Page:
Visionary contribution

OpenCloud is right at the forefront of this development. Formed in 2000, it led the development of JAIN SLEE specifications, along with Sun Microsystems. Gartner describes its contribution to the development as “visionary”, but notes, as a challenge, that the development of productivity tools for the platform remains in its infancy.

OpenCloud’s vice president of engineering, David Long, says the opportunity is “very large” and not just in the telecommunications industry. He sees broader opportunities: in manufacturing; process control and financial services; RFID, and in managing sensor networks. In short, “anything that needs to manage events”.

“Gartner sees a huge growth in the number of events being tracked on telco networks,” he explains. “Telcos have to start innovating in this area to deliver higher value services, but it has been difficult for them to innovate quickly, and at the right cost.”

In effect, JAIN SLEE reduces the cost of such innovation and shifts the telcos’ return on investment calculations for such projects.

As the vanguard company in its space, OpenCloud has developed international relationships that JAIN SLEE application development companies can use to get to market.

“We have good channels for innovation that can occur in New Zealand,” Long says.

Embedding the benefits

And that’s where the “tri-lateral agencies” and their tender come in. NZTE’s Frater says the research will evaluate the opportunity further, with a view to building public-private partnerships to take advantage of the opportunity.

“It has to have the private sector taking the initiative,” he says.

But to a significant degree, government involvement is predicated on the ability to embed the benefits of support in New Zealand, he says.

“Investment would be on behalf of New Zealand, so how do you ensure New Zealand captures the benefit? It’s unlikely all of the activity will be New Zealand-based, but we can retain engineering, critical services, research and development.”

For instance, Frater says that an offshore venture capitalist that invested in OpenCloud was surprised at the value and quality of other business services in New Zealand — in marketing and other areas.

Wellington-based MediaLab is another supporter of local JAIN SLEE efforts. It provides a secretariat for the JAIN SLEE industry forum on behalf of NZTE. The company’s website shows that an ecosystem is already well on the way to forming around OpenCloud’s work. It lists companies such as World45, Zodal and Solnet as working on applications or other developments for the platform. In addition, Otago University will launch its postgraduate diploma in next generation telecommunications this year.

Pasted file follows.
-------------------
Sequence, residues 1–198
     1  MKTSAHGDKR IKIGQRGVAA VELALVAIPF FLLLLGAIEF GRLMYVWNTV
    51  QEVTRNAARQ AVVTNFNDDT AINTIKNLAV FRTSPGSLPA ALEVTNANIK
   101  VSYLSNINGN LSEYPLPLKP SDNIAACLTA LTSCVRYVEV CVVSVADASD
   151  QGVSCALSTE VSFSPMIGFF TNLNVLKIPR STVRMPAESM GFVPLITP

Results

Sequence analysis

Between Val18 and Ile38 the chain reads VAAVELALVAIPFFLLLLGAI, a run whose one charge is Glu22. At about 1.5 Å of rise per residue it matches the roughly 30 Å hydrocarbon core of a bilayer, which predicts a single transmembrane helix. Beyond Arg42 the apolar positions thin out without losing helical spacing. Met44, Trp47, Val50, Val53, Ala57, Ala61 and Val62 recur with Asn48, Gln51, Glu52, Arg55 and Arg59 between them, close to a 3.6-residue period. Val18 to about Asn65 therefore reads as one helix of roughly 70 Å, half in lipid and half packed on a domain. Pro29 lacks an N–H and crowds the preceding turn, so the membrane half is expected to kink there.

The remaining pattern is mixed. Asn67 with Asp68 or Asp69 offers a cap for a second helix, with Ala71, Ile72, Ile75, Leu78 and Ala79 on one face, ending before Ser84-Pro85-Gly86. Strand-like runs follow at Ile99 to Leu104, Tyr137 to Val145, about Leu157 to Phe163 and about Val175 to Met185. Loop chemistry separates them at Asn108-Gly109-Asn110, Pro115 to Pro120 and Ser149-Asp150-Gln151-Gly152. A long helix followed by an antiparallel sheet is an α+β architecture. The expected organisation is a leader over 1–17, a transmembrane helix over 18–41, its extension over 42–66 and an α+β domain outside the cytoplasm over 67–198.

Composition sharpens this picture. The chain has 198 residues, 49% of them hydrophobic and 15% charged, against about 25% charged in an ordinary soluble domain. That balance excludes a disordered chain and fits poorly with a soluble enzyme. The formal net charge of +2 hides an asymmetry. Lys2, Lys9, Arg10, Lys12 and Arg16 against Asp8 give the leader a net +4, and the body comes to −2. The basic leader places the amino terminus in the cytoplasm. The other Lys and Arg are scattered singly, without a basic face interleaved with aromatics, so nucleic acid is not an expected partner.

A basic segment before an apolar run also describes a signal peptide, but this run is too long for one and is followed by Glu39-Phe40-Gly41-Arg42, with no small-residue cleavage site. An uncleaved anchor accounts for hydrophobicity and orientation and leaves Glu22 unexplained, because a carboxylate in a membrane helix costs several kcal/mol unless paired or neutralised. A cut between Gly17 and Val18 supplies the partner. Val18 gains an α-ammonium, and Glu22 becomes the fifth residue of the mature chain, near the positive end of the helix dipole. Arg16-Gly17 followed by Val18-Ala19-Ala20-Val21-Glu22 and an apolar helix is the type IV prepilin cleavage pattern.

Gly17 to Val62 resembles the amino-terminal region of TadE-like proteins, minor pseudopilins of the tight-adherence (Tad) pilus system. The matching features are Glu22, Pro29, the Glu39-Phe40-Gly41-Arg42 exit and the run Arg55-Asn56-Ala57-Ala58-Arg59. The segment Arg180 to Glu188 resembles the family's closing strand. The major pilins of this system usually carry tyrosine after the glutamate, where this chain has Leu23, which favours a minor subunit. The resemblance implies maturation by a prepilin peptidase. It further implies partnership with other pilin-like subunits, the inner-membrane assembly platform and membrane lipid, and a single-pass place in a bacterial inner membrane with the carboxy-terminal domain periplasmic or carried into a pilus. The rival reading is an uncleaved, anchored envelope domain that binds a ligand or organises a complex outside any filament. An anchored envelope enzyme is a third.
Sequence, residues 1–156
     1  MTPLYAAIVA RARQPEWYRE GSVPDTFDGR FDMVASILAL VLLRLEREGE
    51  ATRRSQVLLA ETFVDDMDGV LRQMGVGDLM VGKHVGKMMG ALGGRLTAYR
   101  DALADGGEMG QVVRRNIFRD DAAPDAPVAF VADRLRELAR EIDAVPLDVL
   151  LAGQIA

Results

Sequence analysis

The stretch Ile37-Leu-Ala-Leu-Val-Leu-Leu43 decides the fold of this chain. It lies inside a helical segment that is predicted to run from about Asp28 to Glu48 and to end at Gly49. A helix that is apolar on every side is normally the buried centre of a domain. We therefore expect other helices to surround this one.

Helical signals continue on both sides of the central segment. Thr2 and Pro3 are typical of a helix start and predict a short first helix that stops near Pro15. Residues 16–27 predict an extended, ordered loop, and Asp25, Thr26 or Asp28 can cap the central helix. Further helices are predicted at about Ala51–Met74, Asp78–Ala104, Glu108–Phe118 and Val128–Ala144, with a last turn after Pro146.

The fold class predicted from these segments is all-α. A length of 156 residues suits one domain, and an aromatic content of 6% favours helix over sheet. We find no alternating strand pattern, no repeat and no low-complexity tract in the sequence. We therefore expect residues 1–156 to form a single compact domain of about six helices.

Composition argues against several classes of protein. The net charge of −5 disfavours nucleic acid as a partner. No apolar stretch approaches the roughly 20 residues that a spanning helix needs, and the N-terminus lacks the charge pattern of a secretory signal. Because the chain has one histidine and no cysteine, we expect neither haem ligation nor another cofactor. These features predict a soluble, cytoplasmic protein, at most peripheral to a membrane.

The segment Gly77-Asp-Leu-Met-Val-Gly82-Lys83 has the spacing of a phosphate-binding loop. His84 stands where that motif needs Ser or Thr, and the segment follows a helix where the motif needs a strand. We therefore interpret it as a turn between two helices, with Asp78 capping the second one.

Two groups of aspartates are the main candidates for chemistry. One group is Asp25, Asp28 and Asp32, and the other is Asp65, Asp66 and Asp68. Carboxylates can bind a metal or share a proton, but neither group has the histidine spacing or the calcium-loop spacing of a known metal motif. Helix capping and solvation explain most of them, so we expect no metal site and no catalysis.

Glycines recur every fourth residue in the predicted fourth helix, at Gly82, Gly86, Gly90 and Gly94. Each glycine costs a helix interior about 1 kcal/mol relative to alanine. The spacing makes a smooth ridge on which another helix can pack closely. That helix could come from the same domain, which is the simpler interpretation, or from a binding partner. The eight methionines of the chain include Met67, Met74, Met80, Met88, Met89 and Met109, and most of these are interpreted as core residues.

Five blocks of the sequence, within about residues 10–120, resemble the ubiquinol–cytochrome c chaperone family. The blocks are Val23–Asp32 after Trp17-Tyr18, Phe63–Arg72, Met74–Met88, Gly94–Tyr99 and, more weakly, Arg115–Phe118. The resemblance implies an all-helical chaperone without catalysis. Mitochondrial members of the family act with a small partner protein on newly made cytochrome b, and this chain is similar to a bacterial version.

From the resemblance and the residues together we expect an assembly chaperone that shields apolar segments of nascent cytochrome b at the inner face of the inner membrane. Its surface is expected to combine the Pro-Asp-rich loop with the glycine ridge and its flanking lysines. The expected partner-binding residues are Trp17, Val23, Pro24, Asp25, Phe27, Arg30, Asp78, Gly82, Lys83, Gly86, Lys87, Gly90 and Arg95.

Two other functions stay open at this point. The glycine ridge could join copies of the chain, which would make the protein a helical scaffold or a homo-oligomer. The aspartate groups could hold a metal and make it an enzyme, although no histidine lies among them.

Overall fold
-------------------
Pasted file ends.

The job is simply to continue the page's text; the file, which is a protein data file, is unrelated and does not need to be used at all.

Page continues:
MediaLab’s CTO, Peter Chappell, says network operators are moving into new kinds of markets, with 3G, next generation networks, unbundled bitstream products and voice-grade broadband. Multi-service IP networks will require and enable multiple small applications.

The JAIN SLEE opportunity, he says, can be divided into three areas: consumer applications, business and services for sensor-based networks. Multiplayer games for mobile phones have already been demonstrated by Zodal, he says, and the idea can be extended to social networking, to allow a mobile phone, for instance, to be a gateway to services such as Facebook.

In business, the emergence of VoIP and unified communications is attractive, while universities are exploring the potential of open standards-based sensor engines for sensor networks.

Gartner forecasts JAIN SLEE will achieve mainstream adoption within five years. It is a multi-billion dollar opportunity and New Zealand will have to move fast and be smart to take advantage of its lead. The tri-lateral agencies will select their partner for commercial assessment of the opportunity in early February. A draft report is then expected to be completed by the end of March.